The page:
Microsoft

And they’re back in the game…

If you missed the Microsoft update event this past week then you missed something I think could have marked a changing of the guard. You can watch it again here.

Just like I’m sure there were things to learn from the dad-dancing at the launch event of Windows 95, the slow chipping away at Microsoft’s education market by Google Apps for Education and the brilliance of the iPad as a tool for learning in the classroom have clearly impacted upon what happens over at Microsoft HQ. Clearly influenced too by Apple’s update events too, the Microsoft update event was slick.

The words used by presenters such as Panos Panay to describe the products such as; elegant, beautiful, smooth, so forth and so on, and the other language used made the event feel more like something you’d see delivered by Apple rather than Microsoft. As Panay was describing the new Surface Laptop for example, it was more reminiscent of a voiceover from iconic Sir Jonathan Paul “Jony” Ive (Chief Design Officer of Apple) than something from Microsoft. Gone is the dad-dancing. Now we have real Headteachers on stage talking passionately about the opportunities for great workflow in the classroom using Microsoft Teams (which looked GREAT!).

For a significant part of teaching career, Microsoft products were the cornerstone of my productivity, output and my classroom. I was and still am a huge fan of Excel and their other offerings from MS Songsmith to Visual Basic. In the mobile learning market however, Microsoft have often seemed to be the poor relation to the offerings from both Apple, Google and the App Store market.

I won’t spend any airtime talking about the history; I will however talk about the future. It is clear to see that Microsoft are positioning themselves very well back into the education market. Obviously they would argue that they were never out of it but the influence of competition is clear.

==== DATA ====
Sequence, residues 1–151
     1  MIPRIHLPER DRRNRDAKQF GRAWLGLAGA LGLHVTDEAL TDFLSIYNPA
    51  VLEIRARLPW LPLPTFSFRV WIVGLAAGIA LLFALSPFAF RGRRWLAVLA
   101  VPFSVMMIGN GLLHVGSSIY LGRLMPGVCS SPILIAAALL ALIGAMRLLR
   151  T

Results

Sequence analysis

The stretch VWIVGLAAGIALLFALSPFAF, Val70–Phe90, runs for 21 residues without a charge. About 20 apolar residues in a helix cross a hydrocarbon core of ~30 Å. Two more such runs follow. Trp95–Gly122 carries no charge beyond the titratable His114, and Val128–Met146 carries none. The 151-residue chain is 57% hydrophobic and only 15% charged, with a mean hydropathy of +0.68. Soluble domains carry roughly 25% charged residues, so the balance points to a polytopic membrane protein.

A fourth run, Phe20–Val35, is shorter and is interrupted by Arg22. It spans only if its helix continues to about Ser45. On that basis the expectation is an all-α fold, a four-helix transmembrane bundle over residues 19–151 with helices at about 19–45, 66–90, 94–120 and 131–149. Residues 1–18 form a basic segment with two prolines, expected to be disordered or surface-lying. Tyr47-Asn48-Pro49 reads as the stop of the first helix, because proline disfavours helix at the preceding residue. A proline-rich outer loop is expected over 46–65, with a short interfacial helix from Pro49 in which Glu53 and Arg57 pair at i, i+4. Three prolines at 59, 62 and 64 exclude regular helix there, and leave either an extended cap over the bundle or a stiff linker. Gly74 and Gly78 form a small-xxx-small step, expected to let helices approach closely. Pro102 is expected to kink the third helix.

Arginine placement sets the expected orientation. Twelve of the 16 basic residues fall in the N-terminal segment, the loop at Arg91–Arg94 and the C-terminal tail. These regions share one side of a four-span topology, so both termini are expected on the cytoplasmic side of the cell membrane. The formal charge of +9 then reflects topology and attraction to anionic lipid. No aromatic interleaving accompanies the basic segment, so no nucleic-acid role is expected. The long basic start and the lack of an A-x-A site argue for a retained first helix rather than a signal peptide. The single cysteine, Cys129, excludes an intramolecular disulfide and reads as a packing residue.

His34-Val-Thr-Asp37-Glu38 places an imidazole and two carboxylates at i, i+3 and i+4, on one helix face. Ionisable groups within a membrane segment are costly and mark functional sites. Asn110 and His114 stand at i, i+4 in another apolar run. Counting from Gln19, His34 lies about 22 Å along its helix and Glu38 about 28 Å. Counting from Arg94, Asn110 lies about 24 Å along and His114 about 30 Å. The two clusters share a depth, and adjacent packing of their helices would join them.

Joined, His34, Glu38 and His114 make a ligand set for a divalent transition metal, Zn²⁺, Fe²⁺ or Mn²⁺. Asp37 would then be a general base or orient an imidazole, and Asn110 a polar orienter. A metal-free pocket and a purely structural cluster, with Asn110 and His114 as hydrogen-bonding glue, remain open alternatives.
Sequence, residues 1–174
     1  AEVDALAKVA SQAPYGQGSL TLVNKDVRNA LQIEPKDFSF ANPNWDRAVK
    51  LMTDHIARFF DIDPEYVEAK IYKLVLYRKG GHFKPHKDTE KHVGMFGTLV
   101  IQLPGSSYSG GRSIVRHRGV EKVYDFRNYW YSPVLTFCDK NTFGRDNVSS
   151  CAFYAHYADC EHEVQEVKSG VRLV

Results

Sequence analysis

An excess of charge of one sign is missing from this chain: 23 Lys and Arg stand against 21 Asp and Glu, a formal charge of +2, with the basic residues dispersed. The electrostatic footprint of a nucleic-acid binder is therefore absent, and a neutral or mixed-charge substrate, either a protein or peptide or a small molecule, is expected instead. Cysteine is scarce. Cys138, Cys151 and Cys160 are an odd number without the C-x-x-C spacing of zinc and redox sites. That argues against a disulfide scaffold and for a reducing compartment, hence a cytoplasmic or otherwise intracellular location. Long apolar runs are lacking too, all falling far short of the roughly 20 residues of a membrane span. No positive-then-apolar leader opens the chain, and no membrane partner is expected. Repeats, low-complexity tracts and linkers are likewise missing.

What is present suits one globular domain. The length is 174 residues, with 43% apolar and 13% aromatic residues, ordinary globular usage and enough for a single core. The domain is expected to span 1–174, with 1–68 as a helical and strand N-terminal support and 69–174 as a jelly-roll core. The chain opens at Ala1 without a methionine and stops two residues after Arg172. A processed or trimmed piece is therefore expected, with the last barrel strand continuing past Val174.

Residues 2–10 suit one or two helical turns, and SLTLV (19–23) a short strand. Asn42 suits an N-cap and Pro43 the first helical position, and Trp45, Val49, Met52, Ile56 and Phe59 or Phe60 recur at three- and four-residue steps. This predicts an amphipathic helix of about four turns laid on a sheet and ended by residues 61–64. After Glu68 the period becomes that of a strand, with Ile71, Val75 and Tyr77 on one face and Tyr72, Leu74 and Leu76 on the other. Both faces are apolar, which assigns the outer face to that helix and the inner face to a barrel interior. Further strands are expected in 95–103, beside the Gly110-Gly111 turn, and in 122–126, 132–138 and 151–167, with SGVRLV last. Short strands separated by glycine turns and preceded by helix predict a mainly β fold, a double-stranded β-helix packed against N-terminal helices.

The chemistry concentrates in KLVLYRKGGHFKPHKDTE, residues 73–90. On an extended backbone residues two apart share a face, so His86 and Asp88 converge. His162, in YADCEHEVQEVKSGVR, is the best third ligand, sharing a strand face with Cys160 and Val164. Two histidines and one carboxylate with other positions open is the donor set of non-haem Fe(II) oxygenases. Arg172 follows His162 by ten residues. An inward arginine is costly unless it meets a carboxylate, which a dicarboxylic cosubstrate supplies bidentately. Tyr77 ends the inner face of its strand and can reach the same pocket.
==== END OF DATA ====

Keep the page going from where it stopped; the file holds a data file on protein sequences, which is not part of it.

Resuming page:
Windows 10S not it’s clunky younger brothers. Windows 10S is a stripped down, more lean version of the operating system. Sacrificing user control in order to gain security, speed and reliability is a new aim for Microsoft. They are trying to pare down the operating system to help deliver speed to draw themselves level with the likes of iOS and ChromeOS.  And why not. Many of the schools I work with and talk to that have moved from Microsoft to Google as their cloud / email / office solution have often done so through gritted teeth albeit they’ve been happy with the move. The new offerings from Microsoft in terms of:

  • Microsoft Teams
  • Windows 10S
  • Office 365

Not to mention the innovative things with Hololens, Paint 3D, ‘View Mixed Reality’, so forth and so on – these are things to be excited about if you’re a school running Microsoft tools.

Of the many things I remember in my Economics lectures is that by Microsoft upping their game in the education market will only drive to stimulate the market further. So we can expect answers to these developments from Google and Apple. The Surface Laptop will drive the MacBook Pro to have a touch screen upon which you can use and Apple Pencil (yes!) and the ecosystems of both iTunes U and Google Classroom will up their ante in response to the development of Microsoft Classroom into Microsoft Teams. These are exciting times and it is great to see Microsoft tying their flag to the mast with these great looking updates.

If you want further reading, check this great blog from Dominic Norrish where he explores in more detail what he thinks this might mean for education. For me, it’s about moving forwards doing what we can to help learning come to the fore and technology disappear so it’s just as obvious in the toolkit as any other learning tool.

Mark Anderson

About Mark Anderson

Mark Anderson, @ICTEvangelist. Click here to learn more.

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